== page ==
Molex circuit assemblies employ DuPont Pyralux TK

Molex has introduced new high-speed low-loss flex circuit assemblies, developed using DuPont Pyralux TK flexible circuit material. The assemblies are ideal for electronic data transmission applications such as servers and high-end computing, storage servers and signal processing, the company says.

“Routing signals within densely packaged datacom, telecommunications, aerospace and defence equipment can be challenging,” said Greg Kuchuris, marketing manager, Molex. “As surging data transmission demands push system speeds higher, advanced materials become more critical. Our high-speed low-loss flex circuit assemblies utilise leading-edge technologies from DuPont Circuit & Packaging Materials and Molex to bring customers a unique high-performance solution, with superior signal integrity in digital and high frequency flexible circuit applications.”

Molex says it is one of the first manufacturers to incorporate DuPont Pyralux TK flexible circuit material into the volume production of multi-layer flexible circuit constructions. Pyralux TK is a double-sided flexible copper-clad laminate and bonding film system formulated with DuPont Teflon fluoropolymer film and DuPont Kapton polyimide film.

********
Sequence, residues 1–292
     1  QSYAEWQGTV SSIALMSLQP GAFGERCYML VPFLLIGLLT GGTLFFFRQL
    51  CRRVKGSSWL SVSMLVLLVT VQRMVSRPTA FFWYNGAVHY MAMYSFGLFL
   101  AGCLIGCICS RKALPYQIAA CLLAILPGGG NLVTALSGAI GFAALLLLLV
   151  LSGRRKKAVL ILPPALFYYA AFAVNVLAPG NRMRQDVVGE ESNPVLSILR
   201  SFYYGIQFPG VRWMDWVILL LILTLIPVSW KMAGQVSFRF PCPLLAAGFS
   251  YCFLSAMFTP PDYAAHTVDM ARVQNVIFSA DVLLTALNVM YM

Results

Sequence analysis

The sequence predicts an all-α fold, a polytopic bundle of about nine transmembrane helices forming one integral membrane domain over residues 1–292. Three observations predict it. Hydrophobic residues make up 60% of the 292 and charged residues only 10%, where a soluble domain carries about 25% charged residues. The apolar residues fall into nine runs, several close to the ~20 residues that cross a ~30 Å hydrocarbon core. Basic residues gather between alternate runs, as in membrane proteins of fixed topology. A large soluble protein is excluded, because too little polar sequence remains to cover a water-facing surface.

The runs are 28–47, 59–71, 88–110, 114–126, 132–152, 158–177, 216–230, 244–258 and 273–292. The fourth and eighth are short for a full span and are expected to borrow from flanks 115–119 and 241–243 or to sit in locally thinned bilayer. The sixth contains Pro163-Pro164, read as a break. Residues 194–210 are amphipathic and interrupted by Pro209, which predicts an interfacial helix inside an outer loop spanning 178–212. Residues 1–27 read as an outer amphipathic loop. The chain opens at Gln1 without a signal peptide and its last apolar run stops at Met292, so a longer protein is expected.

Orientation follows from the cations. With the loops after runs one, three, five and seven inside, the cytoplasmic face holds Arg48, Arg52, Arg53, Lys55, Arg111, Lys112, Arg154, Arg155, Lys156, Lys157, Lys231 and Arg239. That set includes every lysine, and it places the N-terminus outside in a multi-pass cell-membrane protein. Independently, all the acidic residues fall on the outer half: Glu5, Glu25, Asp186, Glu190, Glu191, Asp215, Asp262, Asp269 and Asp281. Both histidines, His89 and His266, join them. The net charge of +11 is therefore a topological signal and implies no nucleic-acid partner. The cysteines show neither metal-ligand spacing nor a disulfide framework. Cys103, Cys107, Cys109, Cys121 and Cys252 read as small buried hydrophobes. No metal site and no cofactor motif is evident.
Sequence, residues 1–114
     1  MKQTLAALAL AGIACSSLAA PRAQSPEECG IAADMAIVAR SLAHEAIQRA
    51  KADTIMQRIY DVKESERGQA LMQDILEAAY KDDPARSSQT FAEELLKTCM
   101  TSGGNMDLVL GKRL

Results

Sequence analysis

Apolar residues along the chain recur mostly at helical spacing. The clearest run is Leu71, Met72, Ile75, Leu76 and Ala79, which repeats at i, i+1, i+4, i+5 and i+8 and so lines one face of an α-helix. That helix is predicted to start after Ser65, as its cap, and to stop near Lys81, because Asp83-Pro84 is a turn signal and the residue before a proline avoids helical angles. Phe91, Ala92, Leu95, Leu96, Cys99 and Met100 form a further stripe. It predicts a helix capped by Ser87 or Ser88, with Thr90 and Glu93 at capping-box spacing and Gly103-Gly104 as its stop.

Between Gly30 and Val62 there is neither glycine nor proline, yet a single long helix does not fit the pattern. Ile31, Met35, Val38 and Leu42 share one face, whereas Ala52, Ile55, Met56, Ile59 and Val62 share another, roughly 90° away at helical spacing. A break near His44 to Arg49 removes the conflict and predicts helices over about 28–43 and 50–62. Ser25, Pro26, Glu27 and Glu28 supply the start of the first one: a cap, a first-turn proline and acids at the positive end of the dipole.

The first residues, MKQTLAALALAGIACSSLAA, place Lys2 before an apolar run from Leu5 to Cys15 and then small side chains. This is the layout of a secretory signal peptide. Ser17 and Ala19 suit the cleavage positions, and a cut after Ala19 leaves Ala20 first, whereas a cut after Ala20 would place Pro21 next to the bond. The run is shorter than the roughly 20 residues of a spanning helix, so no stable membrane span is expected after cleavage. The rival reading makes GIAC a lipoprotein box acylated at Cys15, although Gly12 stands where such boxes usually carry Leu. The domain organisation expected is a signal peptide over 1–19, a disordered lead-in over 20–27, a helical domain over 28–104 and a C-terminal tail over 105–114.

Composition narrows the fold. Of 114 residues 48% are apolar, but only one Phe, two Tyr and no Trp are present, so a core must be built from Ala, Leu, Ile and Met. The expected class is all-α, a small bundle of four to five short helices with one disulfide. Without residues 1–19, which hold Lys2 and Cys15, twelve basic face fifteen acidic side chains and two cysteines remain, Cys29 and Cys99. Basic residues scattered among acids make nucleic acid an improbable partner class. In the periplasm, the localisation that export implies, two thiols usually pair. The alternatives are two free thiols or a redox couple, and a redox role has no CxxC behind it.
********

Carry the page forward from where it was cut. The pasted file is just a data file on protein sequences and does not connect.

The dielectric constant and low-loss capabilities of Pyralux TK provides exceptional electrical performance for high-speed digital and high-frequency flexible circuit applications. At the same time, it delivers a mechanically flexible construction, tighter bend radii and faster transmission than standard flexible assemblies. 

“Molex and DuPont have collaborated closely to integrate Pyralux TK into the volume production of the new Molex high-speed low-loss flexible circuit assemblies, with exceptional results,” said Prasanna Srinivasan, market development leader, DuPont Circuit & Packaging Materials. “Signal loss can be minimised, which allows increased speeds and design flexibility.”

Molex high-speed low-loss flex circuit assemblies are available with self-coiling or mechanically-assisted coiling, offering options for flexible three-dimensional packaging while minimising insertion loss and providing improved airflow compared to a standard printed circuit board design.


As data demand ramps ever higher, researchers are looking to innovative amplifier designs to help transport a broader light spectrum through optical fibres, finds Andy Extance


Duncan Ellis shares his views about the increased focus on automation from network operators, and how the physical layer has so far stubbornly resisted the move


Switching off copper networks where fibre has been deployed is the end game, so why are so few operators doing it, wonders Pauline Rigby


With demand for fibre to the premises increasing, Keely Portway looks at the role training plays in ensuring installation skills remain available to meet this growing demand

Analysis and opinion